Monsoon grounds city with jaundice, gastro | mumbai | Hindustan Times
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Monsoon grounds city with jaundice, gastro

200 cases of jaundice reported across Mumbai in June. Bhavika Jain & Neha Bhayana report.

mumbai Updated: Jun 28, 2010 02:20 IST
Bhavika Jain & Neha Bhayana

This week, Manali Bajpayee was supposed to shop for her upcoming wedding. Instead, the 27-year-old Kandivli resident is bed-ridden, battling severe bouts of chills and fever.

"I have had stomach ache and fever since Thursday. My family doctor sent me for a urine test and reports confirmed that I have jaundice," said Bajpayee. "My whole week has been wasted."

The arrival of the monsoon has led to a rise in cases of jaundice across the city. Records maintained by the Brihanmumbai Municipal Corporation (BMC) have revealed that at least 200 cases of jaundice, which a person contracts by consuming contaminated water, have been reported in Mumbai in June.

Most of these cases have been reported from central Mumbai and the western suburbs. More than six residents of Subhash Nagar near Arthur Road, Byculla, have been diagnosed with jaundice in the last two weeks.

"My eight-year-old daughter has been suffering from jaundice for a week," said Subhash Nagar resident Avinash Shah. Shah said the area had received contaminated water for a few days last week but after complaints to the ward office the problem was resolved. He suspects his daughter fell ill after drinking this water.

At least 1,042 people have been admitted to hospital with gastroenteritis since June 1. The number of complaints against water contamination has also increased and experts are making a direct link between this and the increasing cases of jaundice and other water-borne diseases.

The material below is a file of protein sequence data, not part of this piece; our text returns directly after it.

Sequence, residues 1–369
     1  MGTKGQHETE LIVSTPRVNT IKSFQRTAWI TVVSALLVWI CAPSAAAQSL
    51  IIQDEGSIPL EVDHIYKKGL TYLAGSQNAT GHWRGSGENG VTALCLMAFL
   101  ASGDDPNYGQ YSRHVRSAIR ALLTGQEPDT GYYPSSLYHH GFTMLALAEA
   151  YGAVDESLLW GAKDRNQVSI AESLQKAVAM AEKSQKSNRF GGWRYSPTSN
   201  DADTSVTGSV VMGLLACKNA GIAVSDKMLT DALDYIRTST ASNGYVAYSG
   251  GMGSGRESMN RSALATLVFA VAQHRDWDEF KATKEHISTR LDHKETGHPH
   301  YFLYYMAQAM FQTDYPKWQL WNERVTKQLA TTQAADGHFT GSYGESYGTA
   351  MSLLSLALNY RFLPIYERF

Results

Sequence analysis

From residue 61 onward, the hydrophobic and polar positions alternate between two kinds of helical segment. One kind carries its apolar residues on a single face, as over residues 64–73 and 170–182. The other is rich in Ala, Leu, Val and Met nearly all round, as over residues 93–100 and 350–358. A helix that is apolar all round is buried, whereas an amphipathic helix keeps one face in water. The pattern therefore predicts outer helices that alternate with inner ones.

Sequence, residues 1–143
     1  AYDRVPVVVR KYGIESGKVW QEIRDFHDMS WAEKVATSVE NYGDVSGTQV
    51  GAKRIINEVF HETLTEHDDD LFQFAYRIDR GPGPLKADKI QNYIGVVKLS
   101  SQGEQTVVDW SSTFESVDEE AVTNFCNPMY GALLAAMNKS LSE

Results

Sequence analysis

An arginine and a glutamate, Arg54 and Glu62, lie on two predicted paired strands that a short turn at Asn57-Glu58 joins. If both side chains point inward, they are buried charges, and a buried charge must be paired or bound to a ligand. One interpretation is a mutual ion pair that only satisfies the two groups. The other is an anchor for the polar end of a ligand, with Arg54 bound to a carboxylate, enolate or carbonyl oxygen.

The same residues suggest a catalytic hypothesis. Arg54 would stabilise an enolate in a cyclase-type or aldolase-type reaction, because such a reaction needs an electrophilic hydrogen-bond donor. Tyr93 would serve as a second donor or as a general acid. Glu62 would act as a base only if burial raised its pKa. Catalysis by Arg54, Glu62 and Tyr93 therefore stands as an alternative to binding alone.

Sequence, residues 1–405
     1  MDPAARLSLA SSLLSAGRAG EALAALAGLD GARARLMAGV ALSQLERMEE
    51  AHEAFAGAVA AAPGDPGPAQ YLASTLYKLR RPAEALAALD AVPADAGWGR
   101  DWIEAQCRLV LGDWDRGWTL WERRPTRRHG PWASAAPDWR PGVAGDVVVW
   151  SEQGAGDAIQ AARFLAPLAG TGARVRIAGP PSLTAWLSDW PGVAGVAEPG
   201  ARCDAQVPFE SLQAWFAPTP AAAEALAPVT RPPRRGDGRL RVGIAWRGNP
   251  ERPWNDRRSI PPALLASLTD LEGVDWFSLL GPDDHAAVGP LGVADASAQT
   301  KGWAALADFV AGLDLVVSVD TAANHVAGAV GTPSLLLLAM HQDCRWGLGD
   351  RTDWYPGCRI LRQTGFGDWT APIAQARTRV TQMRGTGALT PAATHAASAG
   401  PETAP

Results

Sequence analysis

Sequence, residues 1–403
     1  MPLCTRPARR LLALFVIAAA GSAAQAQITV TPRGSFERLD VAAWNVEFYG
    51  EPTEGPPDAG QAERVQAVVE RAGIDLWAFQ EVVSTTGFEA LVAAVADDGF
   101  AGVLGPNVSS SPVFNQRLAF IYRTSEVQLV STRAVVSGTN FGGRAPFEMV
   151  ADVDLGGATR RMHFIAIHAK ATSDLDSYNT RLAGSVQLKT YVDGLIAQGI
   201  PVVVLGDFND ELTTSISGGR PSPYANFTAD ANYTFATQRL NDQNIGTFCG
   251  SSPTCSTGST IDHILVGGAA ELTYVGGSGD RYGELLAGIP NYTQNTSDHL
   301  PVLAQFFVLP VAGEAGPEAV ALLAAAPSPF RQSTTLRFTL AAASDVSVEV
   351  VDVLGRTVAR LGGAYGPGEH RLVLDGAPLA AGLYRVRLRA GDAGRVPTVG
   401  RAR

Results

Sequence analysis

The BMC's helpline, 108, has registered more than 100 complaints about water contamination in the last 27 days.

The average contamination levels across all wards at present are between 8.25 per cent and 25.5 per cent.

This is 11 per cent higher than what it was last year.

"Instances of contamination are high during monsoons, which may lead to the increase in cases of jaundice," said a civic health officer requesting anonymity.

Dr Daksha Shah from the BMC's epidemiology cell, however, said water contamination is not the only reason.

"People also contract jaundice because of eating contaminated food at street-side stalls and not maintaining proper hygiene," she said.

The city has also seen 1,550 cases of malaria and 18 of leptospirosis this month.

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